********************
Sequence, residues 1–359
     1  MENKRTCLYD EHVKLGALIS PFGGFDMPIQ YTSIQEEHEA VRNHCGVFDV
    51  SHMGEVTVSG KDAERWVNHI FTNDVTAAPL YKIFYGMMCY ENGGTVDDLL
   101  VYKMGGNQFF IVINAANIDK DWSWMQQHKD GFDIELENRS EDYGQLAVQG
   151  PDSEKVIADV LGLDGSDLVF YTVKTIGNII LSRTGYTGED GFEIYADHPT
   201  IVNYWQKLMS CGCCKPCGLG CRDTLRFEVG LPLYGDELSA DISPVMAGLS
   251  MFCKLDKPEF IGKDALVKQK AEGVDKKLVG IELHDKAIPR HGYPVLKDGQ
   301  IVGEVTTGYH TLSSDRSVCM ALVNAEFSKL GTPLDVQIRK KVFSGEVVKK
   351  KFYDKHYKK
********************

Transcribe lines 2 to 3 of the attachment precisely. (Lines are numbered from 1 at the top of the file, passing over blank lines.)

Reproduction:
     1  MENKRTCLYD EHVKLGALIS PFGGFDMPIQ YTSIQEEHEA VRNHCGVFDV
    51  SHMGEVTVSG KDAERWVNHI FTNDVTAAPL YKIFYGMMCY ENGGTVDDLL